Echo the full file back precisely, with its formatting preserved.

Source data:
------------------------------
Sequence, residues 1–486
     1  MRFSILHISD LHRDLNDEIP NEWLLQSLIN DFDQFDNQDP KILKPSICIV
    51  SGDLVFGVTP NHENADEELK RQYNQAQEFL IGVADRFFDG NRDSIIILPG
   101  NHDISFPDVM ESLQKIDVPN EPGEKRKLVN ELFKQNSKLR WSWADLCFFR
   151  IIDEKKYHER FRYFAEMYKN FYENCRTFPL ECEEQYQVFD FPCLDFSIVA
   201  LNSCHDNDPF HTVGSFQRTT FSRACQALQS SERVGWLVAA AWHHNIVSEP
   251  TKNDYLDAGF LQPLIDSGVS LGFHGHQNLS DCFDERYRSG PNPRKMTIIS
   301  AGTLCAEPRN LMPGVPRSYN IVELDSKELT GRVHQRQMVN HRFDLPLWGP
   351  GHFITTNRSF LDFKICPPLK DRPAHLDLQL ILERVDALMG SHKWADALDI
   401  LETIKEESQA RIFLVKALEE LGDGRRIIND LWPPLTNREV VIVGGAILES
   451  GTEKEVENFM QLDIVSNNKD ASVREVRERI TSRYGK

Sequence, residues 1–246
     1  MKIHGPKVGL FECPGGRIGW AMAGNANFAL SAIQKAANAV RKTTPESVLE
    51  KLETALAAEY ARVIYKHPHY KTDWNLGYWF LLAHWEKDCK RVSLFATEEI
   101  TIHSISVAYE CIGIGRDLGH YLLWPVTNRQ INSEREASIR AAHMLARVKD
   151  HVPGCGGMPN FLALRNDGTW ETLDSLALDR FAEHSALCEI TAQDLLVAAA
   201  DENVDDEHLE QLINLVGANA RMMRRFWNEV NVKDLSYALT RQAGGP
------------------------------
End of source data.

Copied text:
Sequence, residues 1–486
     1  MRFSILHISD LHRDLNDEIP NEWLLQSLIN DFDQFDNQDP KILKPSICIV
    51  SGDLVFGVTP NHENADEELK RQYNQAQEFL IGVADRFFDG NRDSIIILPG
   101  NHDISFPDVM ESLQKIDVPN EPGEKRKLVN ELFKQNSKLR WSWADLCFFR
   151  IIDEKKYHER FRYFAEMYKN FYENCRTFPL ECEEQYQVFD FPCLDFSIVA
   201  LNSCHDNDPF HTVGSFQRTT FSRACQALQS SERVGWLVAA AWHHNIVSEP
   251  TKNDYLDAGF LQPLIDSGVS LGFHGHQNLS DCFDERYRSG PNPRKMTIIS
   301  AGTLCAEPRN LMPGVPRSYN IVELDSKELT GRVHQRQMVN HRFDLPLWGP
   351  GHFITTNRSF LDFKICPPLK DRPAHLDLQL ILERVDALMG SHKWADALDI
   401  LETIKEESQA RIFLVKALEE LGDGRRIIND LWPPLTNREV VIVGGAILES
   451  GTEKEVENFM QLDIVSNNKD ASVREVRERI TSRYGK

Sequence, residues 1–246
     1  MKIHGPKVGL FECPGGRIGW AMAGNANFAL SAIQKAANAV RKTTPESVLE
    51  KLETALAAEY ARVIYKHPHY KTDWNLGYWF LLAHWEKDCK RVSLFATEEI
   101  TIHSISVAYE CIGIGRDLGH YLLWPVTNRQ INSEREASIR AAHMLARVKD
   151  HVPGCGGMPN FLALRNDGTW ETLDSLALDR FAEHSALCEI TAQDLLVAAA
   201  DENVDDEHLE QLINLVGANA RMMRRFWNEV NVKDLSYALT RQAGGP